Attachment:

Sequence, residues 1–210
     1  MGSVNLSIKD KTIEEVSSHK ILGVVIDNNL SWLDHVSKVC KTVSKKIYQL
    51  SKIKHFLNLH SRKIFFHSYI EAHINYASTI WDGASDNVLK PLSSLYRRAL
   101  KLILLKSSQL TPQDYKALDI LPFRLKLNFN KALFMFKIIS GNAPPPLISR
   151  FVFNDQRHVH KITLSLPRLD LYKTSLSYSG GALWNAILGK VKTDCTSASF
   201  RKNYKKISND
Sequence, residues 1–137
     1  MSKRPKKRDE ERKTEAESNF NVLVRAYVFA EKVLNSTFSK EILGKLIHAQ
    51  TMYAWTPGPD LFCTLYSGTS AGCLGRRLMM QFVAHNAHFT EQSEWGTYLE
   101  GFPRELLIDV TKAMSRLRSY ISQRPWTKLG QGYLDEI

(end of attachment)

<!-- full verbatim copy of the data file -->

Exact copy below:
Sequence, residues 1–210
     1  MGSVNLSIKD KTIEEVSSHK ILGVVIDNNL SWLDHVSKVC KTVSKKIYQL
    51  SKIKHFLNLH SRKIFFHSYI EAHINYASTI WDGASDNVLK PLSSLYRRAL
   101  KLILLKSSQL TPQDYKALDI LPFRLKLNFN KALFMFKIIS GNAPPPLISR
   151  FVFNDQRHVH KITLSLPRLD LYKTSLSYSG GALWNAILGK VKTDCTSASF
   201  RKNYKKISND
Sequence, residues 1–137
     1  MSKRPKKRDE ERKTEAESNF NVLVRAYVFA EKVLNSTFSK EILGKLIHAQ
    51  TMYAWTPGPD LFCTLYSGTS AGCLGRRLMM QFVAHNAHFT EQSEWGTYLE
   101  GFPRELLIDV TKAMSRLRSY ISQRPWTKLG QGYLDEI